When I was 18 and invincible (as you are), I used to hurl my guts up in agony and be unable to stand from the pain ripping through my uterus. I figured I just pulled the short straw of period roulette and would ride out the worst days of the cycle hiding in a duvet den and praying for swift death.
Fast forward 7 years and I have just married the love of my life. Having been together for 4 years already, we’re eager to crack on and start a family and figure worst case we’ll be sharing news of an impending arrival within a year. My periods are still atrocious and affecting my career (and management’s thoughts about my reliability but more on that in another post). I have a collection of pregnancy tests ranging from the cheap shop brand ones to the fancy clear blue, I methodically track my ovulation and I have an app that makes my sex life a series of documented events. I’ve seen the doctor 3 or 4 times over the year and they all but laugh at me, because I’m young and have so much time. I know something isn’t right, my body is screaming at me that something isn’t right.
‘My body can’t do the most natural thing in the world’ is added to the already anxious self depreciating record in my head. I blame myself and I apologise to my husband. I google the shit out of everything. My period is late and I’m hopeful and then, like the vicious curse that it is, it comes at me with a vengeance and I cry with misery. My doctor prescribes me blood thinners for the clotting and prescription painkillers – neither help.
And then, I faint. I faint at work from blood loss (they surmise), they call 999 and the paramedic’s paperwork triggers a series of events that makes the doctors stop laughing at my youth and working on a treatment plan. Within a month I am referred for an ultrasound and the technician tells me that my ovaries are riddled with cysts. I have Poly-cystic Ovary Syndrome. I’m referred to a fertility specialist who looks at my scan results with a furrowed brow and turns to us saying words like ‘slim chance’ and ‘infertile’ and ‘further testing’. My world implodes. I cling to my husband as he steers us out of her office and he supports us both as we grapple with a reality we never thought would happen to us.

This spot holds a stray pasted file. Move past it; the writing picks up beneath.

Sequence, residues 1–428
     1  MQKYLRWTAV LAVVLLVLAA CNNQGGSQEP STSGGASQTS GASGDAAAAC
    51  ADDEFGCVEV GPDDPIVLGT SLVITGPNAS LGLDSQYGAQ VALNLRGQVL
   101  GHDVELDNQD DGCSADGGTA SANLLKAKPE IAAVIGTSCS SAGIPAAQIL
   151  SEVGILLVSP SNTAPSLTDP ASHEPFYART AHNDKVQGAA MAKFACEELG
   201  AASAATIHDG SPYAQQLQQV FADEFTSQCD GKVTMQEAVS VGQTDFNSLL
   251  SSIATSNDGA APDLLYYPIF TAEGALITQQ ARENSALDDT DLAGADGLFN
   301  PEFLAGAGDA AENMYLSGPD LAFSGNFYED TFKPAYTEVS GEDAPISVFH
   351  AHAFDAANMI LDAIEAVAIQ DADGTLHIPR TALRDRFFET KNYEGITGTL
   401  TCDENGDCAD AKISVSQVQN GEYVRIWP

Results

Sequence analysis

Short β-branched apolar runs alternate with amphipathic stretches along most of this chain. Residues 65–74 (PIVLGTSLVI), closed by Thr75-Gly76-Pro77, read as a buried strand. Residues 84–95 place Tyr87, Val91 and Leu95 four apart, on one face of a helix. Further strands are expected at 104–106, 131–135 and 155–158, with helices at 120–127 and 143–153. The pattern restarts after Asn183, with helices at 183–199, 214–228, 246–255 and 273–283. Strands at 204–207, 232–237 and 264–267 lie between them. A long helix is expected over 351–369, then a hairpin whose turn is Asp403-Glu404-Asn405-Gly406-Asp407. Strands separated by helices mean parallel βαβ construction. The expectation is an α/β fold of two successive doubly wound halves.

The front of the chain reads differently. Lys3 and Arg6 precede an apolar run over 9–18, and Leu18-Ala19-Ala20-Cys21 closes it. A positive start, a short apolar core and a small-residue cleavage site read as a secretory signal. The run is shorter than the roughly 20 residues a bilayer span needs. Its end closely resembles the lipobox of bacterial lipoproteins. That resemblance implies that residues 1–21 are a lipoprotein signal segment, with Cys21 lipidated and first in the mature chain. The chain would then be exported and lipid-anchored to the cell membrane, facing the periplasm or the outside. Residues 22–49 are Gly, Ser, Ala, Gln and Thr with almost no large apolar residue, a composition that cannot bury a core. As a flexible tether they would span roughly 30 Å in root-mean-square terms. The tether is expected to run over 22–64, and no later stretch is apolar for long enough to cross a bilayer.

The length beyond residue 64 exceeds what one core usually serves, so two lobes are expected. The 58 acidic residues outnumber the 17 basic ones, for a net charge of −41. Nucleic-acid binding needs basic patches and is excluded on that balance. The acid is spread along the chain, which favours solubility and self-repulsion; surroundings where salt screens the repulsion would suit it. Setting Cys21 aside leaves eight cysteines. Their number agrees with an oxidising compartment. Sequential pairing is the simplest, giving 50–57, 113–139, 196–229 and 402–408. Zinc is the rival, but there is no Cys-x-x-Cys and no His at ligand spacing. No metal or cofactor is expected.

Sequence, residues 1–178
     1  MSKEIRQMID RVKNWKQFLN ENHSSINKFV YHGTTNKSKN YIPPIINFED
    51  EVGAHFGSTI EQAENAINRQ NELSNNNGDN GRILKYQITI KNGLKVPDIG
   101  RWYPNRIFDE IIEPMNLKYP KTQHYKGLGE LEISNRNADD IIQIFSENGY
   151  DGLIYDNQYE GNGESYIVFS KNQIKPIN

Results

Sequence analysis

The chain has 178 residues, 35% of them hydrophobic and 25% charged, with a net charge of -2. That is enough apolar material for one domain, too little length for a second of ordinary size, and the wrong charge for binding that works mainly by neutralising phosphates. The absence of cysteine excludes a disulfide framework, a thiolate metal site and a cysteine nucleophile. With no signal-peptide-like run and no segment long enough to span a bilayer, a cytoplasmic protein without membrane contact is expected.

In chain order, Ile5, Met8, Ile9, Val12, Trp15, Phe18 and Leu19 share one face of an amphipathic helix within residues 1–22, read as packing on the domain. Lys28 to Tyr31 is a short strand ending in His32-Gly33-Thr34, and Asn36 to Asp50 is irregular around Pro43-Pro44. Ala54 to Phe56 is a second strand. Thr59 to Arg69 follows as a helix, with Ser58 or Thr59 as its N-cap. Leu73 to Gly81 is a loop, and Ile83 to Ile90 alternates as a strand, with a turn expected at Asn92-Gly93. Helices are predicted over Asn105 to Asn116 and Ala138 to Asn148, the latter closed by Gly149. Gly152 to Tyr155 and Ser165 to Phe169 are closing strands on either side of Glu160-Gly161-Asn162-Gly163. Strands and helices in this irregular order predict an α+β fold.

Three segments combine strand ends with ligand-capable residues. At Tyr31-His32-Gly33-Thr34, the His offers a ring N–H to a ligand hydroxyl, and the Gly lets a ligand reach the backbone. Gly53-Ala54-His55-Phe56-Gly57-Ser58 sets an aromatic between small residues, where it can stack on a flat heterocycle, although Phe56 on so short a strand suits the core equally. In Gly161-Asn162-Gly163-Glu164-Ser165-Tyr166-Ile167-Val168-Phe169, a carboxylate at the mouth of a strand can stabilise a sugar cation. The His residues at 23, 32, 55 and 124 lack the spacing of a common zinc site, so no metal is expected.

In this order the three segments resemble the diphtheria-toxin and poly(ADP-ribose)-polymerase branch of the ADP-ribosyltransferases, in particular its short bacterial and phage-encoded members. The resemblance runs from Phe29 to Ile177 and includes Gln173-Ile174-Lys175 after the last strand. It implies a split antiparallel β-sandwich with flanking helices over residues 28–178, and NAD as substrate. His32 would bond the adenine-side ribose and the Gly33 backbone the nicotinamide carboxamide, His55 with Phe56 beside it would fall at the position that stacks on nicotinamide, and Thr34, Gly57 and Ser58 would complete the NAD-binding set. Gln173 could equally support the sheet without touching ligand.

What follows is 18 months of monthly blood tests for me to establish hormone levels and chance of natural ovulation and a sperm test for hubby (which was just like the movies – hilarious). Google keeps diagnosing me with tumours and then giving me hope with miracle babies. Everyone is pregnant in my office (50% of them unplanned which somehow drives the dagger deeper).
In October, we arrive at the hospital to see the specialist with our piles of referral letters, test results, scans and broken spirits. I am prescribed Clomid, which is a drug that induces ovulation, and told to try 3 cycles with close monitoring and if we have no success then I will need to have laparoscopy surgery. If the surgery doesn’t ‘flush my uterus out’ (her words) then the next step would be IVF. You know vision boards? they are so colourful and full of dreams? This experience was like someone took my vision board and spat on it before crushing it and then setting it on fire.
Clomid is a bitch. I’m sure there are worse things out there but Clomid escalated my hormones so quickly I felt like I had no control. My emotions were all over the place. We were on our way to a family event mid cycle 0 in December (which was a test cycle) and we clipped a pheasant which would normally make me gasp and shout at hubby to be more careful…no no, on this night I sobbed my eyes out for a full 5 minutes. Hormones yo.
Cycle 1 was in January and I felt a little more prepared for this round. I still had to be isolated as much as possible because the bitch on the inside was released by the hormone high. We went in for a scan to check that all was in order and there sat two growing follicles (who we named ‘the follies’), this was the first time in our journey we knew there was a real chance of conceiving. It was so positive but I had been so let down throughout that I detached as much as possible without being negative.
Over a month later I got up to have a wee and saw my little wicker basket of period paraphernalia and tried to remember the last time I had used any of those glorious products (it is quite common with PCOS to not have a period every month – myself included).
I had always watched those videos online where women are telling their partners they are pregnant and had planned various ways in my head to share the news should it ever happen, this went out the window as soon as the clear blue test said ‘PREGNANT’ ‘3+ WEEKS’ and I screamed at hubby to wake up and shoved the urine soaked test in his face (with the lid on – I’m not an animal).
We were seen at the hospital a week later for a viability scan and they put me at 6 weeks pregnant. On the first cycle of Clomid our miracle baby was conceived.